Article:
Antwuan Reed has heard his name mentioned in connection to the upcoming NFL Draft.
The Johnstown High graduate and two-year starter at the University of Pittsburgh might go anywhere from the mid to late rounds. Or, maybe he’ll be undrafted but sign as a free agent with an NFL team looking for help at cornerback.
Reed knows there is nothing more he can do after months of preparation.
The NFL Draft will unfold Thursday to Saturday. Perhaps, Reed’s phone will ring.
“It’s just a waiting game right now,” said Reed, an All Big East second team pick as a senior.
One certainty is that Reed has had plenty of hometown support and advice from Johnstown-area players who have been through the NFL Draft experience with varying results.
Johnstown graduate Geroy Simon went undrafted in 1997 and didn’t stick with several NFL teams in the next couple years. Since then, Simon has found a home in the Canadian Football League and is 66 yards away from breaking the CFL’s all-time career record of 15,153 receiving yards.
“It was really nerve-wracking. I was projected anywhere from a third round pick to being a free agent,” said Simon, a University of Maryland product who now is a legend with the British Columbia Lions in Vancouver as he prepares for his 14th CFL season. “I just wanted to know where I was going to go, if I was going to get drafted or what team I was going to be with.
“I was in the dark. The days leading up to the draft, I remember Seattle calling me, Charlie Weis calling me when he was with the Jets. Other people called and said they were interested in me. Obviously when draft day came no one drafted me. It was very frustrating. The anticipation and anxiety was high.”
LaRod Stephens-Howling is another Johnstown High graduate who was a question mark on draft day in 2009.
Stephens-Howling eventually went to the Arizona Cardinals in the seventh round. Like Reed, Stephens-Howling played collegiately at Pitt.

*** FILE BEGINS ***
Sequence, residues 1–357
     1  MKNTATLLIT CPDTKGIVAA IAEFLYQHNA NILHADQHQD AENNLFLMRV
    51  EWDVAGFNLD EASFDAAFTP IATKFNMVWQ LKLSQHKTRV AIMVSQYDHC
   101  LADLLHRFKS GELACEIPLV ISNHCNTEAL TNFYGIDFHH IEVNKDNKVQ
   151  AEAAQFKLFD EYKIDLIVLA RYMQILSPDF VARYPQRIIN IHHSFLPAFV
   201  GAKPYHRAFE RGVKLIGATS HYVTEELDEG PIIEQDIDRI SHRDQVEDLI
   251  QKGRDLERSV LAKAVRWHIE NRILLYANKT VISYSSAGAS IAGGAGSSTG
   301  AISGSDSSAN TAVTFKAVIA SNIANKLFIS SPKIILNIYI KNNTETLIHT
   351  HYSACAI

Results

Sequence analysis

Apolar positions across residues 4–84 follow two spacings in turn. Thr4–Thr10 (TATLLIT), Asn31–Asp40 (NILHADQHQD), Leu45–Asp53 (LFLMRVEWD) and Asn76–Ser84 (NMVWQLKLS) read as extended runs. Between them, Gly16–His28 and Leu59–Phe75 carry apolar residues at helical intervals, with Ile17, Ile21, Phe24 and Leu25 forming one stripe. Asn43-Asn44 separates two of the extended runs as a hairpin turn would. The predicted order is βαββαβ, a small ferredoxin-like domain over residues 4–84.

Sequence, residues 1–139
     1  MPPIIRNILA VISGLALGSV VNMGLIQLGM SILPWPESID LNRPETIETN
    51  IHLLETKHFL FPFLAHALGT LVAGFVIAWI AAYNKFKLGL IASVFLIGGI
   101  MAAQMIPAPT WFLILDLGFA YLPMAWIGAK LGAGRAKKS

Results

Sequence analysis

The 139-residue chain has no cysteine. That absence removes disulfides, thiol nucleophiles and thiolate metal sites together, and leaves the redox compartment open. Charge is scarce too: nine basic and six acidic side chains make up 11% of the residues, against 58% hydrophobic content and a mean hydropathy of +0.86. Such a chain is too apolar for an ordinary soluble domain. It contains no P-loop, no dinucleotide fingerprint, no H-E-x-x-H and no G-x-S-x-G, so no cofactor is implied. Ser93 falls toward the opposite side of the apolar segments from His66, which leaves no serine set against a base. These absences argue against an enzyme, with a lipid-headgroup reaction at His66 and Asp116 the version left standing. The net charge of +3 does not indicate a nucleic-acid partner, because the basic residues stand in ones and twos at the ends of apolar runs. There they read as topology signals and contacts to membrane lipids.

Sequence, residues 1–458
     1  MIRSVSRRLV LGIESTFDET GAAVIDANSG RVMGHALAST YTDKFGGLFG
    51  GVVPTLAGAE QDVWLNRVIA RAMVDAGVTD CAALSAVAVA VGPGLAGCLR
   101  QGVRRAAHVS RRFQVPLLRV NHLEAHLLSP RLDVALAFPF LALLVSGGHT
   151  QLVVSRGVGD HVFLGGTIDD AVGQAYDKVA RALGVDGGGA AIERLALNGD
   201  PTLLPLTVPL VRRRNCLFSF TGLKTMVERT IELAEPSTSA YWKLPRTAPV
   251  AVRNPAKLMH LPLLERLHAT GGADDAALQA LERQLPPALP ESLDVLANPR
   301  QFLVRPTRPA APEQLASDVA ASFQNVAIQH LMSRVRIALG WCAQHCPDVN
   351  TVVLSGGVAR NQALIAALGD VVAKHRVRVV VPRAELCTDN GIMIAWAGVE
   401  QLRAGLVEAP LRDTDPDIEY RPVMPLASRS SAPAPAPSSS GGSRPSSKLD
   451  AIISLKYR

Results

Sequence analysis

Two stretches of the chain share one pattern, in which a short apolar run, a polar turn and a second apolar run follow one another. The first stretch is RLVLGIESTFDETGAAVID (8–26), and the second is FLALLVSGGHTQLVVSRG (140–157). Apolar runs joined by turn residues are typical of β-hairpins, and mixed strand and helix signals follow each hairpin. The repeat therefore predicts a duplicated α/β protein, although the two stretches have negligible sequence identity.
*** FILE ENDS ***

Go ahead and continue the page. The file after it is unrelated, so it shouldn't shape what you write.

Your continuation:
“It was like a weight lifted off your shoulders,” Stephens-Howling said of hearing his name called in the draft.
“It was a great moment to enjoy with my family. That’s a day you dream of when you first play football, to see your name go across the board when you’re drafted. It’s a great feeling.”
Stephens-Howling was an all-state running back at Johnstown, where he rushed for 4,597 yards. He was Pitt’s starting tailback for two seasons in college, and he finished up as a complement back to star LeSean McCoy.
Now, Stephens-Howling is among the NFL’s top kickoff return men and he’s emerged as a solid running back.
“I told Antwuan that he already did whatever he can control,” Stephens-Howling said. “He had a great season. He did a great job at the Pitt Pro Day. I went down there to see him perform. I told him everything else is up to God.
“I know I was worked up watching (the draft on television),” he added.
“You just have to relax yourself the best you can.”
A Trojan tradition
Reed followed Stephens-Howling at Johnstown. Like Stephens-Howling, Reed was a star running back who gained 4,276 yards and was an all-state pick. Reed played in the Big 33 game. He played 45 games at Pitt, making 187 tackles and two interceptions while being a part of four bowl appearances with the Panthers.
This season he had 30 tackles and a team-best seven pass break-ups. He recovered three fumbles, returning one 20 yards against Syracuse for a late touchdown that sealed a Pitt win and made the Panthers bowl eligible. Reed also recovered a blocked punt and returned it 10 yards for a score against Utah.